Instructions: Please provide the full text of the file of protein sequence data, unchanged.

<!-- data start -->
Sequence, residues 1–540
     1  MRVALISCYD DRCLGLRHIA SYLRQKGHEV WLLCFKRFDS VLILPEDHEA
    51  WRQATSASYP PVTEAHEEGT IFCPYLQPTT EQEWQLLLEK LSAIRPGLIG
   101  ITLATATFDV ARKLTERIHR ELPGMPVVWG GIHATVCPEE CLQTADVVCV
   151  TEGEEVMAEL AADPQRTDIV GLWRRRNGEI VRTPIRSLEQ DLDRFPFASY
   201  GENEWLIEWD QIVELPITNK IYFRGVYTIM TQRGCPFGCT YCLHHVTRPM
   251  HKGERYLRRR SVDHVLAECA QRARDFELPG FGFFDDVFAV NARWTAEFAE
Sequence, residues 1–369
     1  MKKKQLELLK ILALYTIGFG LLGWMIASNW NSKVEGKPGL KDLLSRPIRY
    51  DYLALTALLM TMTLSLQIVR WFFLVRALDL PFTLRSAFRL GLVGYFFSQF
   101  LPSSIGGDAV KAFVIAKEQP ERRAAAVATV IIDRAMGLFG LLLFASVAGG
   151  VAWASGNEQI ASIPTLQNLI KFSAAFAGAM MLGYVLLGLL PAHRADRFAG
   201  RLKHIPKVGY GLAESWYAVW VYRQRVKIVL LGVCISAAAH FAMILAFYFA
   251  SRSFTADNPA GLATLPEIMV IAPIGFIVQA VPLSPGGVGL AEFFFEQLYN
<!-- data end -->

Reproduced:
Sequence, residues 1–540
     1  MRVALISCYD DRCLGLRHIA SYLRQKGHEV WLLCFKRFDS VLILPEDHEA
    51  WRQATSASYP PVTEAHEEGT IFCPYLQPTT EQEWQLLLEK LSAIRPGLIG
   101  ITLATATFDV ARKLTERIHR ELPGMPVVWG GIHATVCPEE CLQTADVVCV
   151  TEGEEVMAEL AADPQRTDIV GLWRRRNGEI VRTPIRSLEQ DLDRFPFASY
   201  GENEWLIEWD QIVELPITNK IYFRGVYTIM TQRGCPFGCT YCLHHVTRPM
   251  HKGERYLRRR SVDHVLAECA QRARDFELPG FGFFDDVFAV NARWTAEFAE
Sequence, residues 1–369
     1  MKKKQLELLK ILALYTIGFG LLGWMIASNW NSKVEGKPGL KDLLSRPIRY
    51  DYLALTALLM TMTLSLQIVR WFFLVRALDL PFTLRSAFRL GLVGYFFSQF
   101  LPSSIGGDAV KAFVIAKEQP ERRAAAVATV IIDRAMGLFG LLLFASVAGG
   151  VAWASGNEQI ASIPTLQNLI KFSAAFAGAM MLGYVLLGLL PAHRADRFAG
   201  RLKHIPKVGY GLAESWYAVW VYRQRVKIVL LGVCISAAAH FAMILAFYFA
   251  SRSFTADNPA GLATLPEIMV IAPIGFIVQA VPLSPGGVGL AEFFFEQLYN